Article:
UF researcher finds connection between sitting and diabetes
Women who sat more than 16 hours during their waking day had the highest risk of developing diabetes. The researchers also found that the high risk of diabetes remained even if they otherwise exercised five days a week, 30 minutes per day.
“This would give you some evidence that your sitting is a risk factor for what’s going to happen in the future, similar to the way your cholesterol today will predict if you will get a heart attack tomorrow,” said Todd Manini, Ph.D., who led the study. Manini is an assistant professor in the UF College of Medicine department of aging and geriatric research and a member of the UF Institute on Aging.
Manini and colleagues also found that obese women were much more likely to develop diabetes than overweight and normal-weight women who sat for the same amount of time.
The researchers analyzed data collected from the national Women’s Health Initiative study. Launched in 1991, the National Institutes of Health study was a 15-year research program that involved 161,808 women. It gathered data on the most common causes of death, disability and poor quality of life in postmenopausal women.
The UF researchers examined surveys from 88,829 women aged 50-79, none of whom initially were taking medications for diabetes. The researchers tracked their sitting time and weight in each annual survey, and noted which women developed diabetes. In general, nearly 11 percent of women ages 20 and older have diabetes, according to the American Diabetes Association, and nearly 27 percent of people over 65 will develop diabetes, according to the National Diabetes Education Program.
The study participants’ responses were broken into eight categories, with two extremes: women who sat fewer than seven hours per day and women who sat more than 16 hours per day.
“With computers, our jobs have gotten progressively more sedentary. One percent of women in the original study reported sitting more than 16 hours per day. We might expect those numbers to be higher today,” Manini said.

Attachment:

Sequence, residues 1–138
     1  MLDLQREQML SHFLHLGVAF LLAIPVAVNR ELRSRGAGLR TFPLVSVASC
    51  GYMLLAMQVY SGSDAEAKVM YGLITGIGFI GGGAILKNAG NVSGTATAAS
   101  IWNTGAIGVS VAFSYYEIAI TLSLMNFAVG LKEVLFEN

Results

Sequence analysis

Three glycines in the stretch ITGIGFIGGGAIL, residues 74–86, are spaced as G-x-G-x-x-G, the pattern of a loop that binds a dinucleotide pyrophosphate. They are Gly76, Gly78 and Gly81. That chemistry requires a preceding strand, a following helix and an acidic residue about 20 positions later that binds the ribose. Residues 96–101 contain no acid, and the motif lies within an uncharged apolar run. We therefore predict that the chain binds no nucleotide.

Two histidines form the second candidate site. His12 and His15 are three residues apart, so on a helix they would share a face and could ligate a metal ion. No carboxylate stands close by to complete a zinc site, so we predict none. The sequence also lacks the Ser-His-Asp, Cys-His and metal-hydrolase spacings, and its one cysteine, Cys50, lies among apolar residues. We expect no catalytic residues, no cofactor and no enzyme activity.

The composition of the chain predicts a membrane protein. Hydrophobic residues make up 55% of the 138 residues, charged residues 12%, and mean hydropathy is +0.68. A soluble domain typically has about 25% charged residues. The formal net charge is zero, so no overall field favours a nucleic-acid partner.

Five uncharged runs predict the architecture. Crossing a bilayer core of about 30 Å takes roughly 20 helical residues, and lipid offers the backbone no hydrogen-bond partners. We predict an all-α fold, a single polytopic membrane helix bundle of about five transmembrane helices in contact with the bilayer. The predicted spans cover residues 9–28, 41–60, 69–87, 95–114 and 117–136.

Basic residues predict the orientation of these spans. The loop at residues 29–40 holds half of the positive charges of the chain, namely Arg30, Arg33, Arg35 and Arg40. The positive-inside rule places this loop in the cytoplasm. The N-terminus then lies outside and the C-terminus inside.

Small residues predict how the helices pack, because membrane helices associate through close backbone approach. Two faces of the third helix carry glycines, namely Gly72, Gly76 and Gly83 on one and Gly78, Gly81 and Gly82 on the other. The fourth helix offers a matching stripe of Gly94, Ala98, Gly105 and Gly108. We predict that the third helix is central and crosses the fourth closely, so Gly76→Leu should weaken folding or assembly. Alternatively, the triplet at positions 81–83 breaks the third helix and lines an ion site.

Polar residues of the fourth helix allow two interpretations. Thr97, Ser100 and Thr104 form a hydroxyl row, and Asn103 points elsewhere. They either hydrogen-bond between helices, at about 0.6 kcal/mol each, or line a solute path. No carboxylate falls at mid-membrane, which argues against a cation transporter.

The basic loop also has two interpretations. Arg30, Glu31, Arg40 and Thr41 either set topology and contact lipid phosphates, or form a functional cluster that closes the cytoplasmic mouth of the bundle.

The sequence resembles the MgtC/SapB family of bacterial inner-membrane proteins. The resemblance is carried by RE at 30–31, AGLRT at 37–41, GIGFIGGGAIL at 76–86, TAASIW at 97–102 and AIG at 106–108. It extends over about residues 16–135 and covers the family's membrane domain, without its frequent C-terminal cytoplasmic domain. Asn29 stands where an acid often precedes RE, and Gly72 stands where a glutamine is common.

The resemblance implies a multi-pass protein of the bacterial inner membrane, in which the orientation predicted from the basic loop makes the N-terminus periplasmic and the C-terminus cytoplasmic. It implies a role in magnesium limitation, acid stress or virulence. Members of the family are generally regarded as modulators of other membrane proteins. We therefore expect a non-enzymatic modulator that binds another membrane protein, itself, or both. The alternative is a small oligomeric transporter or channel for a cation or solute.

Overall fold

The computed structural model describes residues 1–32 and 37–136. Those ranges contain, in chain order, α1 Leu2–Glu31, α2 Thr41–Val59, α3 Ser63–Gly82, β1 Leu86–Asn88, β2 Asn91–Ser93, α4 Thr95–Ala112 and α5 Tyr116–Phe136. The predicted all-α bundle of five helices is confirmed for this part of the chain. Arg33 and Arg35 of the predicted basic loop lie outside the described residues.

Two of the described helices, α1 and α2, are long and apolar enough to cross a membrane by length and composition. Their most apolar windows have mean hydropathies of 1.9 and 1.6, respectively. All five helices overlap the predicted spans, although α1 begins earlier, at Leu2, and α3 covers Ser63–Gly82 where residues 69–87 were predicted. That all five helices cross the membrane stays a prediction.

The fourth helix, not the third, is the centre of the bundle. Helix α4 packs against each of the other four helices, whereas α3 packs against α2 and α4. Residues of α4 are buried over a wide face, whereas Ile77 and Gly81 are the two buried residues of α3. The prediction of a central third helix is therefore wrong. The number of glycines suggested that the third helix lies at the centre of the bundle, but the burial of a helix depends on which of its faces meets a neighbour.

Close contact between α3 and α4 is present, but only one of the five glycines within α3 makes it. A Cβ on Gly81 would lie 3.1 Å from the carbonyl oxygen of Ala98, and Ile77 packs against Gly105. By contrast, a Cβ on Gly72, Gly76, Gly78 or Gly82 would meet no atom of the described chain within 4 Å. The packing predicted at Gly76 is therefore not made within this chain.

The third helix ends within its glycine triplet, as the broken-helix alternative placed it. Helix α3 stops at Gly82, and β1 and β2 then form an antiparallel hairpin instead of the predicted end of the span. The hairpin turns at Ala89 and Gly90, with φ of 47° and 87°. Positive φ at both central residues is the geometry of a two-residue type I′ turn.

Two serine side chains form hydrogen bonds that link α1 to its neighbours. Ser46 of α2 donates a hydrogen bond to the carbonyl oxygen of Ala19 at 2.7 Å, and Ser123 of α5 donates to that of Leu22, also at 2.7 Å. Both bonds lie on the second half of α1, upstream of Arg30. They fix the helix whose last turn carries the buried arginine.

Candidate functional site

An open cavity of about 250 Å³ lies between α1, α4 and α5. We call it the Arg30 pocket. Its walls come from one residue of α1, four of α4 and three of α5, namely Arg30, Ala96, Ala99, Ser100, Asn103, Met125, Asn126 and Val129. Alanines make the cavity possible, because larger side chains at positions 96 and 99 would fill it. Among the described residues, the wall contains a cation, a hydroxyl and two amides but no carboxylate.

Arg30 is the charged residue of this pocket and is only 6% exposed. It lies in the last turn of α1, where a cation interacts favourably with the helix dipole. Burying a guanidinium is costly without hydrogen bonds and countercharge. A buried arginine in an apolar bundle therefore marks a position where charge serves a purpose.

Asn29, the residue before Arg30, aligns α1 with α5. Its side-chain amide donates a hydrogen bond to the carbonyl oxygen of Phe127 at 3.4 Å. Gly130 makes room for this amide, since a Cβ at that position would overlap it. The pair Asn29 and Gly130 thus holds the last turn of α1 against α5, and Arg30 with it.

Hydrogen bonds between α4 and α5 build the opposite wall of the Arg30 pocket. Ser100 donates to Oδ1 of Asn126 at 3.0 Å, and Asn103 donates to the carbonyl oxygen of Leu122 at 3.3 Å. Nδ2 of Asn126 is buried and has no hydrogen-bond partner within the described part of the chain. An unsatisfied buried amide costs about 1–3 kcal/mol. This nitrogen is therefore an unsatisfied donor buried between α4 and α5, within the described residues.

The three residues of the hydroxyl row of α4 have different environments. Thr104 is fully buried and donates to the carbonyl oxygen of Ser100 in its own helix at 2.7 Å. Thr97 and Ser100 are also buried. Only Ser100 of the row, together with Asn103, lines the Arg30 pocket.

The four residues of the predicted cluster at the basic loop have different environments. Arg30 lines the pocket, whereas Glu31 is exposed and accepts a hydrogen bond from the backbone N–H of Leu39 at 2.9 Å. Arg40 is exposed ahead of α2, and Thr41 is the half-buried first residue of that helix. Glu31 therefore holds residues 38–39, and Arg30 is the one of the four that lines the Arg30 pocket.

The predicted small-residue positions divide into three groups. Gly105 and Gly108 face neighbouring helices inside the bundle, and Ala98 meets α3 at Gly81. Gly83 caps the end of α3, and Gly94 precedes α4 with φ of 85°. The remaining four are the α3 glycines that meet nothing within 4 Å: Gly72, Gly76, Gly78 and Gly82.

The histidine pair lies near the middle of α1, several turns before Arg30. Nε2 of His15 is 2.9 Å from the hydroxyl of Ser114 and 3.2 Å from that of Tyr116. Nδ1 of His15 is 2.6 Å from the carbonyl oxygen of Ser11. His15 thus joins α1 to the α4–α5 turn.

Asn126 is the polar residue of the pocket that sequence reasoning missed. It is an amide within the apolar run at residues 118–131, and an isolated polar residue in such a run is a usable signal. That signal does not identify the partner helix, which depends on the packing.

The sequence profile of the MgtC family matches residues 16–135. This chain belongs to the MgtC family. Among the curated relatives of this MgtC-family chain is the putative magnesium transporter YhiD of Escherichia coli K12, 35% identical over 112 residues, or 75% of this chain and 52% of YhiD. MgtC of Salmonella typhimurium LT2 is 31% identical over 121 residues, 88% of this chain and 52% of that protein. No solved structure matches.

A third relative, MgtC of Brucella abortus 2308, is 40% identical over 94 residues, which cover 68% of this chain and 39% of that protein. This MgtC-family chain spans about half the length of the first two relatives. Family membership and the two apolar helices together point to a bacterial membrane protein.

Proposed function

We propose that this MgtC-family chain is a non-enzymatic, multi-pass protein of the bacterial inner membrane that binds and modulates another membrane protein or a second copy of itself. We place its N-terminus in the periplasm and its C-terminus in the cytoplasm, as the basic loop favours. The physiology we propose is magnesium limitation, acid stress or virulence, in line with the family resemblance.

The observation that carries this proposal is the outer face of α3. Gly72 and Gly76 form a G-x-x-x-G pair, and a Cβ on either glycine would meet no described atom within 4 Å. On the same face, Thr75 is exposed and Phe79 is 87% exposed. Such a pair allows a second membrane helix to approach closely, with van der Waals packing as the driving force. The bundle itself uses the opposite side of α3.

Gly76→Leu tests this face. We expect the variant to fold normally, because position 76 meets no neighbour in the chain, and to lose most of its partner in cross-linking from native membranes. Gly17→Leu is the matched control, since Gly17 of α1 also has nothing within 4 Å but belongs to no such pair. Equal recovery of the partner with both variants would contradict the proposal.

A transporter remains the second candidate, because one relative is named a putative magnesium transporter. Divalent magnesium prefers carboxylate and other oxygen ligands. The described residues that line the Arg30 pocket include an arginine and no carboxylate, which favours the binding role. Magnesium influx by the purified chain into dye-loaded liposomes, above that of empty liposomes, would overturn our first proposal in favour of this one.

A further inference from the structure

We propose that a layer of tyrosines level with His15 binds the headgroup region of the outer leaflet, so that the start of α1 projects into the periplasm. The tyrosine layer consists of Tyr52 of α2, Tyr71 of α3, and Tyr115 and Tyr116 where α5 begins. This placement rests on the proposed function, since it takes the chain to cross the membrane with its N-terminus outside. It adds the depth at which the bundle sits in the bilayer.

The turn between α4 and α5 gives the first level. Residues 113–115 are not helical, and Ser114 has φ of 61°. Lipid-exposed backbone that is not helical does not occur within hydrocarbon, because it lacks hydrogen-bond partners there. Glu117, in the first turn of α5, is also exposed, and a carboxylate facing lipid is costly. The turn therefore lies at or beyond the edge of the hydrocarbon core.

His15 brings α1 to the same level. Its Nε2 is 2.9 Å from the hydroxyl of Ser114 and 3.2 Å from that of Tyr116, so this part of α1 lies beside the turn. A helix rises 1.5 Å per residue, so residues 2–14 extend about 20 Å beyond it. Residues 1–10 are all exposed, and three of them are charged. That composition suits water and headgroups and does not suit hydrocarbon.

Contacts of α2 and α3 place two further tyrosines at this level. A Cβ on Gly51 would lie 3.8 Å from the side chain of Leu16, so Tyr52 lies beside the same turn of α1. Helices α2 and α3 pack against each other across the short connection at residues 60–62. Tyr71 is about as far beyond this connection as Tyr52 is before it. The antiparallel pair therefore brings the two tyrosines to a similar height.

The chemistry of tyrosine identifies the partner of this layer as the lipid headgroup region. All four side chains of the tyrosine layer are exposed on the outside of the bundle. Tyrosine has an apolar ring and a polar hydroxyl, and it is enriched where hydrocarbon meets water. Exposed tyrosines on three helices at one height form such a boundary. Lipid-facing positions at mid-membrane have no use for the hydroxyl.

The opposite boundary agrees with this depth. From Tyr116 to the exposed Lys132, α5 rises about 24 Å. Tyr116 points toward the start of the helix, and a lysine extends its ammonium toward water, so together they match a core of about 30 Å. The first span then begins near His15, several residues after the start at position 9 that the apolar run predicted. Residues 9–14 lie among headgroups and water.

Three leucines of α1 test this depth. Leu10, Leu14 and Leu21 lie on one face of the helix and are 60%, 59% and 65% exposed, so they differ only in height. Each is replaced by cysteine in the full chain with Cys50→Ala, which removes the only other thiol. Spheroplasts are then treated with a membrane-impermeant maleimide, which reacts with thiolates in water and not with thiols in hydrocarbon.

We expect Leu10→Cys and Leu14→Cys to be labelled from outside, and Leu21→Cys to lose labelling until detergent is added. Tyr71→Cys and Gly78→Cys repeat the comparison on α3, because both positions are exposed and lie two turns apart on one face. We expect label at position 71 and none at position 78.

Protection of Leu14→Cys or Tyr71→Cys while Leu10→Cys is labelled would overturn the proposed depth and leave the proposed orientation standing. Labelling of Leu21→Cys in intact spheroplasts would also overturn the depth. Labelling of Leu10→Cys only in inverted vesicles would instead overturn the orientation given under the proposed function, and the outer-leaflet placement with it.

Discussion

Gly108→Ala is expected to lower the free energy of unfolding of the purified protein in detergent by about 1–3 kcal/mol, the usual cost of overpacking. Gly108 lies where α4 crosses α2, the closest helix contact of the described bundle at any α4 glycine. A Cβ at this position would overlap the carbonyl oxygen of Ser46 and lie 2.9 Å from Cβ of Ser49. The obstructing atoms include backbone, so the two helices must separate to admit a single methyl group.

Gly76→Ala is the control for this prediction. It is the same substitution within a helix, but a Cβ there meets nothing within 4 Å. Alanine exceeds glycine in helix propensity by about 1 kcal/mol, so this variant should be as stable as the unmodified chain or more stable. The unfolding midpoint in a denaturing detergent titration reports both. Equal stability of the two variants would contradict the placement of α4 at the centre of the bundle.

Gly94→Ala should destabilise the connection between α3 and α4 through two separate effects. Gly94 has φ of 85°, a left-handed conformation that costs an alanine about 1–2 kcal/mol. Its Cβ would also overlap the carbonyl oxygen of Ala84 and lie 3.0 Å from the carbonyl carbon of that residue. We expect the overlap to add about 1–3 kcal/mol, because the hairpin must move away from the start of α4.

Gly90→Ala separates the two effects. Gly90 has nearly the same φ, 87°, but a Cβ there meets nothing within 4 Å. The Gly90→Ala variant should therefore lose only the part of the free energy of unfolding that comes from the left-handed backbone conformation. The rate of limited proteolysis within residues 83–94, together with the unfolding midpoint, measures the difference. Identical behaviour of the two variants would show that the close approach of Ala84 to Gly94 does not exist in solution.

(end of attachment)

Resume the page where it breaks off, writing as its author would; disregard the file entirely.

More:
The longer the women sat, the higher their risk for developing diabetes. Their risk began increasing sharply when they sat between 12 and 15 hours per day. These women had about a 10 percent chance of developing diabetes compared to about 8 percent or less for women who sat for shorter periods of time. If the women sat more than 16 hours per day, the risk rose to about 13 percent.
But the risks really shot up if the woman was considered obese. Compared with normal-weight and overweight women, whose risk of diabetes increased only slightly if they sat for more than 16 hours, the risk of diabetes for obese women who did not exercise jumped from about 19 percent to 23 percent when they sat that long on a daily basis. Even if obese women reported exercising 150 minutes per week, their incidence of developing diabetes was still 13 percent, about 5 percent higher than women who exercised but sat fewer than 15 hours.
“The study suggests sitting is an independent contributor to a person’s risk of developing diabetes because the study controlled for a host of variables that would predict diabetes onset: demographics, smoking, diet and family history,” said Stephen Anton, Ph.D., division chief of clinical research for the department of aging and geriatric research, who was not involved in the research.
Part of the reason could be that when people walk, they use glucose to fuel that movement, Anton said. Not using that glucose could cause an imbalance between the amount of glucose in the body and the body’s ability to use insulin to process that glucose, resulting in diabetes. Manini said standing or walking five minutes for each hour spent sitting could help mitigate the effects of sitting, but more research is needed to learn what amount of movement will be effective.
“The study informs us that healthy lifestyle is not simply exercising 30 minutes a day and eating healthfully, but also paying attention to how inactive you are throughout the day,” Anton said.